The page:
Wisconsin’s play to their strengths
The essence of strategy is trying to force the contest to be played on favorable terms that play to your strengths and/or your opponent’s weaknesses. Wisconsin’s strength is that their home state and recruiting turf produces an inordinate amount of big, well-rounded, and not particularly fast athletes in the 6-2/6-5 and 220-260 pound range. They always have an abundance of good LBs, FBs, and TEs.
Their current offensive and defensive systems are oriented around making opponents beat them by besting their blockers in the run game, handling Ferguson in the seams, and blocking all of their linebackers on defense.
If they eventually determine that they can’t keep up with other teams running the football with guys like Jonathan Taylor, as Stanford determined this past year with Bryce Love, they could simply move to expand their pro-spread package into a base offense. In 2019 they finally secured the commitment of a blue chip QB in Graham Mertz with the allure of playing behind a perpetually NFL-laden OL with a flex TE clearing up the picture in the passing game. If Mertz proves to be a great player they may choose to get out ahead of the rest of the B1G regardless of the state of their run game and start attacking opponents regularly with the pro-spread.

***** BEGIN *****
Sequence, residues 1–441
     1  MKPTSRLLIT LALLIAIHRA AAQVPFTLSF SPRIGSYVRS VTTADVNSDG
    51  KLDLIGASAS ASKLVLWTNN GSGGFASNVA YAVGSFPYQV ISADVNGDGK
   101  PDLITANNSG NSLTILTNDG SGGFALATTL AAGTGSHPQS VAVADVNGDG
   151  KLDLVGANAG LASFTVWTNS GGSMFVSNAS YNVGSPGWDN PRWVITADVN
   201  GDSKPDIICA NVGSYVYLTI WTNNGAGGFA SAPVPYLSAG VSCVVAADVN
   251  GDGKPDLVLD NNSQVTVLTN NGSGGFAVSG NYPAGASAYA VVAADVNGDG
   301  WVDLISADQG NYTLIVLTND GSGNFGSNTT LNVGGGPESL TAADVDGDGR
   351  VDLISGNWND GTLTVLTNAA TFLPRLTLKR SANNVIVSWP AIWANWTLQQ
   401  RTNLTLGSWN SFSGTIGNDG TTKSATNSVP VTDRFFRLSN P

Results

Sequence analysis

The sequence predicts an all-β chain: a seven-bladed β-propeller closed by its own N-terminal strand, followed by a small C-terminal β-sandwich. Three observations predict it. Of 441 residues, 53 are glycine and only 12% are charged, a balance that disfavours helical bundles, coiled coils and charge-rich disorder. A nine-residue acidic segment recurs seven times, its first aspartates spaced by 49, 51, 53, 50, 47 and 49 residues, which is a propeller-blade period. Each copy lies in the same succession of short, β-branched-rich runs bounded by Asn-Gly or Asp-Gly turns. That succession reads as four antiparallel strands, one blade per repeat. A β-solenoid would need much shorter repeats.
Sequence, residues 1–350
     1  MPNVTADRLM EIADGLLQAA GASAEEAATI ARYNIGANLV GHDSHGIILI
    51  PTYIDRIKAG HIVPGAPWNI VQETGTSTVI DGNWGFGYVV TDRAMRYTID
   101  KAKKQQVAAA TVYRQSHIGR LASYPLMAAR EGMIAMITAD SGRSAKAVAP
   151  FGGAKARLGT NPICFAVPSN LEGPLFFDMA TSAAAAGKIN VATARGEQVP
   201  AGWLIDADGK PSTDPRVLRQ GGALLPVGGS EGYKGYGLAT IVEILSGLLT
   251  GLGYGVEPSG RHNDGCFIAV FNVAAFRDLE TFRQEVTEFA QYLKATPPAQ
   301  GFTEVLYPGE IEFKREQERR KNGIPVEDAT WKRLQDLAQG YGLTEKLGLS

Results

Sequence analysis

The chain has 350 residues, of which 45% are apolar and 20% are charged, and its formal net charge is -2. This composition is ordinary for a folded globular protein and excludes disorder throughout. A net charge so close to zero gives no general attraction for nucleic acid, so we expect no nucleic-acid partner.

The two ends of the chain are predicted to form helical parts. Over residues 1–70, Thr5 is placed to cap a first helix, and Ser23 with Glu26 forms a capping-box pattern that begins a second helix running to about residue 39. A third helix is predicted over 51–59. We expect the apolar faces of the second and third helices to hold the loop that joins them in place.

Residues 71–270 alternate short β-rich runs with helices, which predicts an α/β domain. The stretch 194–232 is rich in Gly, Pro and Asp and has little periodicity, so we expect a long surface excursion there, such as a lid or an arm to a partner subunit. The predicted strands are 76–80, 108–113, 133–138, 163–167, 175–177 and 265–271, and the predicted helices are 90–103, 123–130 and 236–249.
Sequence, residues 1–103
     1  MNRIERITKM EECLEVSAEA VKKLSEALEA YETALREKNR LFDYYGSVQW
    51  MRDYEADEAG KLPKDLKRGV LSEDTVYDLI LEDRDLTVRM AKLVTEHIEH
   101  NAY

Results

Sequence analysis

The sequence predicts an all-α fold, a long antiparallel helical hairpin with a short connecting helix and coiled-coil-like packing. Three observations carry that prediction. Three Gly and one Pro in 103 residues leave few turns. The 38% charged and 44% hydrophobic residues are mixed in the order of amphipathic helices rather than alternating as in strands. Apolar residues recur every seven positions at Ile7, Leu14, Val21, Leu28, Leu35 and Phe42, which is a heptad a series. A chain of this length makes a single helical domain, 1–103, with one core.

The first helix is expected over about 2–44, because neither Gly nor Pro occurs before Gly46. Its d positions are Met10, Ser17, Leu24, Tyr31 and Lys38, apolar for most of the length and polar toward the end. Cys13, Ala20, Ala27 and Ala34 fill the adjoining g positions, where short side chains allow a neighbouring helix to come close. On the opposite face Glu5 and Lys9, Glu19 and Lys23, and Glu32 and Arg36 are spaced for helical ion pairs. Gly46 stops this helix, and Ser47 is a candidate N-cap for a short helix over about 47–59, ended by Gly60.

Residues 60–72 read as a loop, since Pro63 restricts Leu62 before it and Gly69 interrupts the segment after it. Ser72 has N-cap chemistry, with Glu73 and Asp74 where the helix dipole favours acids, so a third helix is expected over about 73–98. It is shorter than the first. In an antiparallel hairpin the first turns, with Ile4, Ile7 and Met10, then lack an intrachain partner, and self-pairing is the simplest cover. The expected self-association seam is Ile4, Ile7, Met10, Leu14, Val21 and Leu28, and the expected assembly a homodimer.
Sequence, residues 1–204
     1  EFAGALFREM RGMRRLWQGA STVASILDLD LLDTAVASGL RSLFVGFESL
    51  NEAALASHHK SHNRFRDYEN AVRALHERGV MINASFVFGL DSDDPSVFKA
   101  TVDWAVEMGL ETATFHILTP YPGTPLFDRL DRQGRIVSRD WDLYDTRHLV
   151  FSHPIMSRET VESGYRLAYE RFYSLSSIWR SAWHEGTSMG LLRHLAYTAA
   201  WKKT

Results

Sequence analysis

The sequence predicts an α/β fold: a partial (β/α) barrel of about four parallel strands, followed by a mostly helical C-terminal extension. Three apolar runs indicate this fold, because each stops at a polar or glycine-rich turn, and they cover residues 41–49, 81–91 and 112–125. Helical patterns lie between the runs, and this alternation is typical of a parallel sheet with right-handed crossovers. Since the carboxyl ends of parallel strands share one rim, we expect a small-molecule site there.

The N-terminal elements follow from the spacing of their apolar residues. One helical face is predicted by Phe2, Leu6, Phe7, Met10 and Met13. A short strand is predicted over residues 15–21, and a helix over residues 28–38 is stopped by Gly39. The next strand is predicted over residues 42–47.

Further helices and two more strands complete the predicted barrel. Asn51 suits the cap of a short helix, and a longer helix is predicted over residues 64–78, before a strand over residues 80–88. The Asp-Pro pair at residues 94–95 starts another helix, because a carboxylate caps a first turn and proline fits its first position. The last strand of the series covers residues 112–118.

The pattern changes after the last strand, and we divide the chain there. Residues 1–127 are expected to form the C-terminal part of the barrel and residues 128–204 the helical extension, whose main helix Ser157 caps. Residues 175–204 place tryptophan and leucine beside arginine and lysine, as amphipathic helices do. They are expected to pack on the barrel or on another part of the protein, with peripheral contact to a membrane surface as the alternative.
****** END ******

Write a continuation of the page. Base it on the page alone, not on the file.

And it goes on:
The Badgers could also become a destination for talented WRs, either via recruiting or in the transfer portal. They’ve always managed to sell talented RBs on coming up to the frozen north in order to play behind a phenomenal OL and blockers. It could become an easy sell to convince WRs that the 1-on-1 matchups they’ll draw as a result of the attention Ferguson commands could do wonders for their numbers and NFL prospects.
The hardest pieces to find and build in order to field a top line pro-spread offense are players like the left tackle and the flex TE. The 6-5, 310 pound athlete and the 6-5, 250 pound skill player make all the difference and Wisconsin is consistently fielding topflight talent at both positions. Watch for their ability to exploit matchups with their personnel to pick up in the coming years as they orient more towards the passing game, if Barry Alvarez will allow it.